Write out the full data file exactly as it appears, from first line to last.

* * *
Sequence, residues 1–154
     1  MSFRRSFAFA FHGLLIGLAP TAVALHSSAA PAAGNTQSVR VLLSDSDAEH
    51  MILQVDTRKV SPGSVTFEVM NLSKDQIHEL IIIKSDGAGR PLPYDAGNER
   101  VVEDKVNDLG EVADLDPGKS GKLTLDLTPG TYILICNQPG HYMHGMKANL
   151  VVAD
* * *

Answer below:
Sequence, residues 1–154
     1  MSFRRSFAFA FHGLLIGLAP TAVALHSSAA PAAGNTQSVR VLLSDSDAEH
    51  MILQVDTRKV SPGSVTFEVM NLSKDQIHEL IIIKSDGAGR PLPYDAGNER
   101  VVEDKVNDLG EVADLDPGKS GKLTLDLTPG TYILICNQPG HYMHGMKANL
   151  VVAD